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Local voices for Human Rights, Peace and Democracy

After the celebration of its 7th edition in September 2017, the World Human Rights Cities Forum (WHRCF) has proved to be the main meeting point for human rights cities at the global level. Here are some its last year's edition outcomes.

Over the last years, the city of Gwangju (also a co-Chair of the UCLG Committee on Social Inclusion, Participatory Democracy and Human Rights) has brought together hundreds of local governments and civil society representatives to exchange knowledge, experience and learning on how to bring, through local action, human rights back in the daily life of urban populations. The WHRCF community has also turned into a strong advocacy platform; rallying an alliance of local governments and communities committed to advance the human rights agenda at the global stage.

The Human Rights Cities Movement is on the rise

Held under the theme “Do we live in Peace: Human Rights Cities, Democracy and Practice”, its 2017 edition was focused on boosting the agenda of human rights cities (#Cities4Rights) as well as to tackle its relation with local democracy and peace. In this regard, up to 700 participants attended its various sessions and debates around meaningful experiences, such as Korea’s candlelight movement or Madrid’s initiative on direct democracy “Decide Madrid”.

As a partner organization of the Forum, member cities of our Committee have mobilized and sent their representatives to the Forum: the Mayor of Bethlehem, Mr. Anton Salman; the Deputy Mayor of Madrid, Mr. Mauricio Valiente; the Deputy Mayors of Grenoble, Mr. Emmanuel Carroz and Mr. Bernard Macret; as well as Ms. Stefany Campins, in representation of Mexico City’s Social Development Secretary, Mr. José Ramón Amieva. Representatives of partner organizations also took part in the Forum: the Global Platform for the Right to the City, Observatori DESC, Kota Kita Foundation and the US Human Rights Cities Alliance.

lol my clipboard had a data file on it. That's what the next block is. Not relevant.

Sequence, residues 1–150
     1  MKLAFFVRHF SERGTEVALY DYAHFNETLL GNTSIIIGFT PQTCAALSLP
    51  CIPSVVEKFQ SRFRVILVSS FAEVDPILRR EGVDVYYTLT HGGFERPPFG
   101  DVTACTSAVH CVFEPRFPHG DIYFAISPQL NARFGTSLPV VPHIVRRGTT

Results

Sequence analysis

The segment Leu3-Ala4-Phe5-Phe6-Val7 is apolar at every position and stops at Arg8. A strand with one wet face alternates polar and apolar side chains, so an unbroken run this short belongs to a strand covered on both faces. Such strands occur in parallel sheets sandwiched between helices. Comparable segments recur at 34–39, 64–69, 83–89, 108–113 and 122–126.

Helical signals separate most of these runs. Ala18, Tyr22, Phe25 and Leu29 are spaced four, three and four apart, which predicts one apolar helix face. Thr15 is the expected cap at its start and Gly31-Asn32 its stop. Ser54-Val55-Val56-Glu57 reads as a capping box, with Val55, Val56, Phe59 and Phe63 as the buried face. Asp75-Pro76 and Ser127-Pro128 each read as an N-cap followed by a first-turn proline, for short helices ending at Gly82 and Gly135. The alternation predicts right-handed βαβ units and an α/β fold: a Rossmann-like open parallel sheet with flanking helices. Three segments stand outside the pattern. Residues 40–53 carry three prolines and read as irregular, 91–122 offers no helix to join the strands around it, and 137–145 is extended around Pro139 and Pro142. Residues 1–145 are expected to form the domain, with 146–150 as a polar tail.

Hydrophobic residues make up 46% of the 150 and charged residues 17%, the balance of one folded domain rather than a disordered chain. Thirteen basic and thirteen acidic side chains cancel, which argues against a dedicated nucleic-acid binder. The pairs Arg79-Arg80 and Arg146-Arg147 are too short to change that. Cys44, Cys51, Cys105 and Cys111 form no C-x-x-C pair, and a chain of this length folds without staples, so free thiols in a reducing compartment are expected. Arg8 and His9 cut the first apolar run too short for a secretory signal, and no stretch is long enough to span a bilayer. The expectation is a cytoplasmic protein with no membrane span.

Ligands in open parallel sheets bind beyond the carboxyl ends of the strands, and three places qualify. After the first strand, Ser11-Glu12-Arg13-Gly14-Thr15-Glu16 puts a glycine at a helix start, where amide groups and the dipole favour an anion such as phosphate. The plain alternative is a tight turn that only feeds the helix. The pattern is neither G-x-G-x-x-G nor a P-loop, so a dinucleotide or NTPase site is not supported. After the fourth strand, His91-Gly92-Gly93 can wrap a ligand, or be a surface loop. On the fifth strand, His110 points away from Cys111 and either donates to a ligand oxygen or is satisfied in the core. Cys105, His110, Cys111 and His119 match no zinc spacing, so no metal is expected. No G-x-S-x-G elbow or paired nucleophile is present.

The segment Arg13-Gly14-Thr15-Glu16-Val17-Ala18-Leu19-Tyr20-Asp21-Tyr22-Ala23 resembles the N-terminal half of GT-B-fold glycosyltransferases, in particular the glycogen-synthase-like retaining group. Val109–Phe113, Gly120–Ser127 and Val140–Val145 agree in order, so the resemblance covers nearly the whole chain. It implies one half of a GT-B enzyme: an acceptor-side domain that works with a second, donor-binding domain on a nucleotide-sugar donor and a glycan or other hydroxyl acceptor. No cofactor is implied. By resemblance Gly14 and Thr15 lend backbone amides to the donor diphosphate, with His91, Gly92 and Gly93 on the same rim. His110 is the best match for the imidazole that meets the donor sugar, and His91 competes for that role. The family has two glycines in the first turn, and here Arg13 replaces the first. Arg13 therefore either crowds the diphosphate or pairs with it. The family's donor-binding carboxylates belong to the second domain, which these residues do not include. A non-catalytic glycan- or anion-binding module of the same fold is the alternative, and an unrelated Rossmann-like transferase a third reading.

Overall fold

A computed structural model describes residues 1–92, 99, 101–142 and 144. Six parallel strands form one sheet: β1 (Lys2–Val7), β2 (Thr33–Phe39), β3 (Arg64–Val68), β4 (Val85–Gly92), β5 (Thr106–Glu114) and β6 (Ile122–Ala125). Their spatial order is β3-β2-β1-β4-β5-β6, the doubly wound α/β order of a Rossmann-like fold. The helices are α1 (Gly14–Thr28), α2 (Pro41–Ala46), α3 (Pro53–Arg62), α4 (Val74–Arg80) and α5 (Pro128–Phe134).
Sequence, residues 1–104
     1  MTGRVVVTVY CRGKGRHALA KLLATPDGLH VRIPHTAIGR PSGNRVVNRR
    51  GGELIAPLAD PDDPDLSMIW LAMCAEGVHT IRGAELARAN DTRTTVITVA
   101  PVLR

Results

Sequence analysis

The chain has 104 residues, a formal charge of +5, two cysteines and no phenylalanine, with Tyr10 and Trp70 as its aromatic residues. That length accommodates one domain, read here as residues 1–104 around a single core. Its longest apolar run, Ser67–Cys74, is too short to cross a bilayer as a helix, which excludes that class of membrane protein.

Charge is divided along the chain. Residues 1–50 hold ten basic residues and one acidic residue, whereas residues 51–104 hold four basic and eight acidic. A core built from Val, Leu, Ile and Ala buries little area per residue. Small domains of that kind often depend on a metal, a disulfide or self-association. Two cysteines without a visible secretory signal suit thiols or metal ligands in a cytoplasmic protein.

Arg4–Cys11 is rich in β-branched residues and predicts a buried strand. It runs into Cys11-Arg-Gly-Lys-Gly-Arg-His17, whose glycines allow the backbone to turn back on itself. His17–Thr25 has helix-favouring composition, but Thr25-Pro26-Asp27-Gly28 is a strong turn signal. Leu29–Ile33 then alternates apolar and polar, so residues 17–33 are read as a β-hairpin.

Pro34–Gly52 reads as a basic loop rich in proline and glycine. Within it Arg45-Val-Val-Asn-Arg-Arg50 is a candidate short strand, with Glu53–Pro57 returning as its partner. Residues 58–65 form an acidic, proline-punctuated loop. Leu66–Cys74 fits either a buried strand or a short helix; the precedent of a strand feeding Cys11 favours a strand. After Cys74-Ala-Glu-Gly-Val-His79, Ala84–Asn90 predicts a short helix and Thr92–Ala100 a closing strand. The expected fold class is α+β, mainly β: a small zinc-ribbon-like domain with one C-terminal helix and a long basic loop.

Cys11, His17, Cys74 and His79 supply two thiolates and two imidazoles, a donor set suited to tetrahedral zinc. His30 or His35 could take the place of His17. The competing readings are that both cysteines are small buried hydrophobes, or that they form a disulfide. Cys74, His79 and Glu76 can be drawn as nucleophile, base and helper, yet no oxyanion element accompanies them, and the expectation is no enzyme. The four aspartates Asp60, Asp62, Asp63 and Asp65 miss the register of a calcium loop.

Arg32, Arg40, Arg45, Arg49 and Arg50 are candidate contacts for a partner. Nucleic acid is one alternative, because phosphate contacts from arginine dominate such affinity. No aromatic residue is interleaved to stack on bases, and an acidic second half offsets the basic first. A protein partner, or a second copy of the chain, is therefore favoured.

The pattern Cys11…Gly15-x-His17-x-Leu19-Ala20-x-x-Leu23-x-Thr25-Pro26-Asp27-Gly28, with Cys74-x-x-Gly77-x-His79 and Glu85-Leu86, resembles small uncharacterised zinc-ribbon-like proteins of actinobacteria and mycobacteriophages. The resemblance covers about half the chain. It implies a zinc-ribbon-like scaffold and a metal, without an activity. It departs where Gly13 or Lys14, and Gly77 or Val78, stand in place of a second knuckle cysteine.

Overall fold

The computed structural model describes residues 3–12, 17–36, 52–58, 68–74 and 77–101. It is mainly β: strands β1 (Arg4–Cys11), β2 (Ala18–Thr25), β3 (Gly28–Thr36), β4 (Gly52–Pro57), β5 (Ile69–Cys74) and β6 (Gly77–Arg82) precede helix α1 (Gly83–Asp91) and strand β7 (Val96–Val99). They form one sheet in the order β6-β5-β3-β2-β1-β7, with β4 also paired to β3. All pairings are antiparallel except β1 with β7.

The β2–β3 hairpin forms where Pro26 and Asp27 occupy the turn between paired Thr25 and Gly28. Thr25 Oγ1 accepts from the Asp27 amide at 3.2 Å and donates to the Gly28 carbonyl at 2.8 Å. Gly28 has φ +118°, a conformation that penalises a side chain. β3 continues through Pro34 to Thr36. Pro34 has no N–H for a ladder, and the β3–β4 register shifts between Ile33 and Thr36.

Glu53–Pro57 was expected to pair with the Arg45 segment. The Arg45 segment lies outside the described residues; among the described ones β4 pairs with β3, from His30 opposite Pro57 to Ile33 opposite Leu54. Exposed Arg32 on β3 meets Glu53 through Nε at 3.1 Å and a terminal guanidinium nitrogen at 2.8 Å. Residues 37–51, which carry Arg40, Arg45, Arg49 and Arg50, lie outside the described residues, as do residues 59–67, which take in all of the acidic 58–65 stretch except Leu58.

Explore the presentation "Local voices for Human Rights"

The following documents gather several of the main outcomes of the Forum up to this date:

  • A presentation that synthesises ideas and events that took place during the Forum through the voices of some of its participants. The Committee already noted last September how the “Human Rights Cities Movement is on the rise”.
  • The final Declaration of the Forum, calling for committed actions to link local governance with human rights and democracy as a way to build a more peaceful world. This declaration is available in French, Spanish and English.
  • The minutes of Gwangju's Expert Group meeting, aimed at discussing UN guiding principles on local governments and human rights under the light of local practices and experiences (as a follow up of the work of the UN Human Rights system on the subject where the Committee actively collaborated).

All the interventions to the Forum were gathered and published in its official website.

In perspective, it should be highlighted how the network of cities for Human Rights and the Right to the City is increasingly gaining ground, becoming a platform for defending democratic cities and territories at the service of the common good. Once more, the city of Gwangju has provided a meaningful space to that end, bringing together local action and commitments from all around Asia as well as on a global level.